Kessler explains that a much more likely theory is that a trapper brought coyotes over from the North Bay. Since then, coyotes have been busy repopulating San Francisco’s urban parks — places like the Presidio, Glen Canyon and Golden Gate Park. Each one of these “territories” has a coyote family living in it — or at least a coyote passing through.

According to San Francisco Animal Care and Control, the total number of coyotes living in San Francisco is estimated to be dozens. The reason this number isn’t more specific is because there hasn’t been a rigorous tracking program for coyotes.

Kessler says that over the 13 years she’s been studying them, the coyote population in San Francisco (at least within the areas she has studied) has basically remained the same. If you think you’re seeing a lot of coyotes in an area, “you’re probably seeing the same ones over and over again.”

Even if the total number of coyotes isn’t growing, it is possible that there are more coyote sightings — thanks to social media and platforms like Nextdoor where people can share photos and alert neighbors if they see a coyote in the park or while walking their dog.

Kessler says while coyotes are not interested in people, they might be interested in your pet. But, she adds, there is an easy way to avoid tragedy: “Whenever you see a coyote, pick up the dog and go in the opposition direction. That’s all you have to do.”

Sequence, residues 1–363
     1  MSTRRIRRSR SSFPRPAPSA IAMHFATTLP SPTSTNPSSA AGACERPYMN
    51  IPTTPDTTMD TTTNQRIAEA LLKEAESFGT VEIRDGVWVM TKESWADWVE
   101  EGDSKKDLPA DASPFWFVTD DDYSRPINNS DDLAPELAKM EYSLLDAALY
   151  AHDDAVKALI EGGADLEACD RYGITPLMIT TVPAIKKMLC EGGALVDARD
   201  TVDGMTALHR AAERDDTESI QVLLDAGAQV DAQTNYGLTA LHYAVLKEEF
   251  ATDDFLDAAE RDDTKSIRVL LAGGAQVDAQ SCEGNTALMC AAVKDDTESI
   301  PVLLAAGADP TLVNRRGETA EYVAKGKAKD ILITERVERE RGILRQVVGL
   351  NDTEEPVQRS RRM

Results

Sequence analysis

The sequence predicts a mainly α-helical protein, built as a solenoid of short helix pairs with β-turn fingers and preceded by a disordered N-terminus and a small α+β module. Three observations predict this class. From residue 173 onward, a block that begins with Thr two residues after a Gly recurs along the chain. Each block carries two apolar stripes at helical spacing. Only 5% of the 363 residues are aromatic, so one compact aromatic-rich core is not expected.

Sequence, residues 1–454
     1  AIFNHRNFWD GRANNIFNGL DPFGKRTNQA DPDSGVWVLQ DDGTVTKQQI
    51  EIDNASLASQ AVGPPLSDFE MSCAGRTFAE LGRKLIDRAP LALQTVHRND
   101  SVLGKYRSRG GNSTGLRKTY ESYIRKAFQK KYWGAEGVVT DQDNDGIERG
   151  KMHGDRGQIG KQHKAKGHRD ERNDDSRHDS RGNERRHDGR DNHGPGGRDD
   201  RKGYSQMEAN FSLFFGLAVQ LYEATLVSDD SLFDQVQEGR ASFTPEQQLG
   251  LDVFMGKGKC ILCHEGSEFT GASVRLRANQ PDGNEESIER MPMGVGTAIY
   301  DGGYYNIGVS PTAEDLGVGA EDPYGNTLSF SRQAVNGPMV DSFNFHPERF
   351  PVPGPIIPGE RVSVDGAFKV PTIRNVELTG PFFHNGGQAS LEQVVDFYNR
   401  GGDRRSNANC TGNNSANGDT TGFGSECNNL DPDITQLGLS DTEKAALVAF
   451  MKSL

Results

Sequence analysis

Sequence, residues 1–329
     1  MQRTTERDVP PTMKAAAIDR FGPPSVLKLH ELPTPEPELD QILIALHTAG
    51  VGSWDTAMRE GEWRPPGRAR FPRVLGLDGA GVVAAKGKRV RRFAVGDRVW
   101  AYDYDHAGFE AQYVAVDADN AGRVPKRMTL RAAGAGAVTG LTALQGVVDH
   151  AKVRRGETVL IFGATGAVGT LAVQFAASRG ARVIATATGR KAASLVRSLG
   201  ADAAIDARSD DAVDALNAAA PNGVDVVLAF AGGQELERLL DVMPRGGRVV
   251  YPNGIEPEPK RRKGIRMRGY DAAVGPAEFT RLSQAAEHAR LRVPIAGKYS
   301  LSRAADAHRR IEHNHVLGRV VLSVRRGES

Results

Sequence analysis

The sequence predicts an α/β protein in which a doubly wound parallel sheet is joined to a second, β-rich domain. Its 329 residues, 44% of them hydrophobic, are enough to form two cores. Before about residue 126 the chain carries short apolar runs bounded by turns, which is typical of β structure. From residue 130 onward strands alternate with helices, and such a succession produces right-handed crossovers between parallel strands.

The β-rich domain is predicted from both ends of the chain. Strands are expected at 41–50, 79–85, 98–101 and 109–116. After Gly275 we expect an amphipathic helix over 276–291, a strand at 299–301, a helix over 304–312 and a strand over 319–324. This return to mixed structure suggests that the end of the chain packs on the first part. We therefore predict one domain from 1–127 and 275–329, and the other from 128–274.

A big part of Janet’s work is teaching people about how to live with coyotes, and that starts with understanding them more.

“They’re just like you and I are,” she says. “These are social animals. They mate for life. Both parents raise the youngsters. They remain as a family for an extended length of time. They interact all the time with play, with fun, with teasing. They poke each other.”

In urban areas, coyotes become used to seeing people so they generally ignore us. Janet Kessler says it’s important we ignore them back. (Courtesy of Janet Kessler)

On her website, CoyoteYipps.com, Kessler posts videos of coyotes howling alongside sirens, snapping at their pups and frolicking with their siblings.

Ecologically speaking, coyotes coming back to the city is a good thing. They’re important predators, regulating populations of rodents and raccoons, and helping increase diversity of bird populations. According to Kessler, San Francisco is doing “a fine job” of moving us towards coyote coexistence.

It also helps that we are generally more open to living next to wild animals.

A coyote pair enjoying a relaxed afternoon in a secluded part of a San Francisco park. (Courtesy of Janet Kessler)

“There’s been a basic change in our attitudes towards the environment,” Kessler says. “I think we’re more open minded and environmentally concerned. And of course, coyotes are part of that environment.”


Being so close to nature is part of what makes living in the Bay Area so special. So next time you’re on a walk, keep your eyes peeled. You might get lucky and see something that you wouldn’t have just 20 years ago.